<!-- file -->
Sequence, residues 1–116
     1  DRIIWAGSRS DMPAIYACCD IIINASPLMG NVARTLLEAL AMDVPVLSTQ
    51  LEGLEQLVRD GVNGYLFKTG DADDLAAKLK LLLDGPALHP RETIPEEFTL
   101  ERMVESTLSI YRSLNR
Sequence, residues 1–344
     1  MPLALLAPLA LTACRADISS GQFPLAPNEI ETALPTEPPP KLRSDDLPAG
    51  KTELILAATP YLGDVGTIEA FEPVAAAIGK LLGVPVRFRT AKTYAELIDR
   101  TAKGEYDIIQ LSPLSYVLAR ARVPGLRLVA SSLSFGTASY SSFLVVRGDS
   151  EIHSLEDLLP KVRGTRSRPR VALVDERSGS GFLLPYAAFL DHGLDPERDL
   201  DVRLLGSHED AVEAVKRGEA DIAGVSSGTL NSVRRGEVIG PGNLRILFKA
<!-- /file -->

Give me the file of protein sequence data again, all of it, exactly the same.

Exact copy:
Sequence, residues 1–116
     1  DRIIWAGSRS DMPAIYACCD IIINASPLMG NVARTLLEAL AMDVPVLSTQ
    51  LEGLEQLVRD GVNGYLFKTG DADDLAAKLK LLLDGPALHP RETIPEEFTL
   101  ERMVESTLSI YRSLNR
Sequence, residues 1–344
     1  MPLALLAPLA LTACRADISS GQFPLAPNEI ETALPTEPPP KLRSDDLPAG
    51  KTELILAATP YLGDVGTIEA FEPVAAAIGK LLGVPVRFRT AKTYAELIDR
   101  TAKGEYDIIQ LSPLSYVLAR ARVPGLRLVA SSLSFGTASY SSFLVVRGDS
   151  EIHSLEDLLP KVRGTRSRPR VALVDERSGS GFLLPYAAFL DHGLDPERDL
   201  DVRLLGSHED AVEAVKRGEA DIAGVSSGTL NSVRRGEVIG PGNLRILFKA